Leading thinkers such as neuroscientist David Eagleman and philosopher Nick Bostrom believe that one day, you will be able to download your mind onto a computer. A sophisticated brain scanner will record all the connections in your brain and a computer will then recreate them all digitally. The digital ‘brain’ will then begin to behave exactly like your real brain, which means it will essentially become you, and allow you to live beyond the death of your body in an eternal 'transhuman' existence.
If that sounds too good/bad to be true, that’s because it probably is. Replicating the trillions of dynamic connections that exist in your brain digitally would be a truly miraculous feat, and one which is definitely beyond us at this time. Nonetheless, we should never underestimate the future’s potential to wildly exceed our expectations. With our technology and scientific methods steadily improving, one day we will surely have the capacity to create a computer model with comparable complexity to a human brain. Progress towards this has already begun, with the 2.5-million-neuron SPAUN brain model recently being created, and the Human Connectome Project working diligently to map all the connections of a single human brain.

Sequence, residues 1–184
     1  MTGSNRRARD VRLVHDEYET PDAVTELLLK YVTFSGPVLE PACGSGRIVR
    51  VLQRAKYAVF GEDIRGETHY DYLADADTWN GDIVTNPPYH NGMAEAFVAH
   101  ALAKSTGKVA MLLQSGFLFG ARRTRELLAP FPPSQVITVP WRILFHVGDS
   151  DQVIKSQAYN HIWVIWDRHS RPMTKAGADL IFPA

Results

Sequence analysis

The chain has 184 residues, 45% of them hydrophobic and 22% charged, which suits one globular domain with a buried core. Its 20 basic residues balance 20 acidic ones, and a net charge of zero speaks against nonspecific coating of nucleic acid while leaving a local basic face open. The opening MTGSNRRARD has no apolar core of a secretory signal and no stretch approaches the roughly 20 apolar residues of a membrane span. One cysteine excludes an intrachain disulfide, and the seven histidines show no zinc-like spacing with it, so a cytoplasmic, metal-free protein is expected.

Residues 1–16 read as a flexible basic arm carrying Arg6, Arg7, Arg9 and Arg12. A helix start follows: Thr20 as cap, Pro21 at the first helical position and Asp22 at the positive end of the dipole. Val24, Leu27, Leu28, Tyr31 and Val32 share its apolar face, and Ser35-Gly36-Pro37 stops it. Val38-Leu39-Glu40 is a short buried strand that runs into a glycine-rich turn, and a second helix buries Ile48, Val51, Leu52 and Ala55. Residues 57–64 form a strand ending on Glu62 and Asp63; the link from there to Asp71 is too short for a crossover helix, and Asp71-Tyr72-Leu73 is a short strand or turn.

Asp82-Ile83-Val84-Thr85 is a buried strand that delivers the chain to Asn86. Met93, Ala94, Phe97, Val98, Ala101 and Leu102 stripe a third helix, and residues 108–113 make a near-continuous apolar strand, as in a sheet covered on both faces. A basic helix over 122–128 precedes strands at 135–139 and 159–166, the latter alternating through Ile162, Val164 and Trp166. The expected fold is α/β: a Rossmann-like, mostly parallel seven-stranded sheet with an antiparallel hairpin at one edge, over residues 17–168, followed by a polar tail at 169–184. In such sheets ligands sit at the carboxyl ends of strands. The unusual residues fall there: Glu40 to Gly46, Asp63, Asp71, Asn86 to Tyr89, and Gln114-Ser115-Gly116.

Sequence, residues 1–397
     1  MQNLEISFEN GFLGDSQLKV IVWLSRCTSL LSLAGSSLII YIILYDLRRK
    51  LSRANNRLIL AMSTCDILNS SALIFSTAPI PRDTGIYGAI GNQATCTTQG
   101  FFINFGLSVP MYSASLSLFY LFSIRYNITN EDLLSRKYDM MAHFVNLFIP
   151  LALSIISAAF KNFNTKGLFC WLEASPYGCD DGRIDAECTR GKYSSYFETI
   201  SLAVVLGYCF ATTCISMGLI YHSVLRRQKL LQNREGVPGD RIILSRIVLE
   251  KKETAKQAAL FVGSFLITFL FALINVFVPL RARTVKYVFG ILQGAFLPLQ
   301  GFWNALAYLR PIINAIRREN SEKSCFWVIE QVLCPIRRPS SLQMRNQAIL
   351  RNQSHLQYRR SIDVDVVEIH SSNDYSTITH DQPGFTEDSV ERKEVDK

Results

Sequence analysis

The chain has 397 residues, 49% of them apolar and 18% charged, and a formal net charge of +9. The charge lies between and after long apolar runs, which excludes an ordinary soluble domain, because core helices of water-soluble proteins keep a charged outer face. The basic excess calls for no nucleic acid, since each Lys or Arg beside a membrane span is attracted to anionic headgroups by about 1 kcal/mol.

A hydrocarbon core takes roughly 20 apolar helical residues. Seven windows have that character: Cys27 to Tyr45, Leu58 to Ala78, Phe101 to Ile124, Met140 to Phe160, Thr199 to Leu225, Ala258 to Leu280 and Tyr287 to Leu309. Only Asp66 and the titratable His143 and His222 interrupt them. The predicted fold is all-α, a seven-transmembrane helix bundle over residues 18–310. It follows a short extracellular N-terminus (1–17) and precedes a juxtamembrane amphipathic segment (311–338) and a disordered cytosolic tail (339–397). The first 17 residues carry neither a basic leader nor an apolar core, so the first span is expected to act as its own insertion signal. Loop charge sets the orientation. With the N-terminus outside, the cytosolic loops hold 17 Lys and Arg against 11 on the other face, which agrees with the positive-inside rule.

However, even if we were able to map and model all the connections of a brain, translating this into a personality-download is a whole different ball-game. Whether or not identity is embodied (i.e. attached to a particular body) will keep philosophers occupied even while the digital-human-brained robots take over civilization. The problem being that the minute we recreate our minds in another location, that duplicate mind will begin to have its own experiences and perspective, and will therefore necessarily have a different identity to the original.
This problem is perhaps insurmountable. But for the sake of argument, and because it would be very cool, lets assume that if we created a perfect digital replica of someone’s brain we will have transferred their identity to a computer. After all, that in itself would still be a mind-bending feat, even if both resulting individuals remained convinced their parallel twin was an impostor. In this situation, could we ever be confident that the digital version was faithful to the original brain?
In this ‘Analog Brain’ series I will argue that it is impossible to perfectly replicate a brain digitally. And the problem lies in the chaotic nature of complex systems and tiny unassuming things called rounding errors.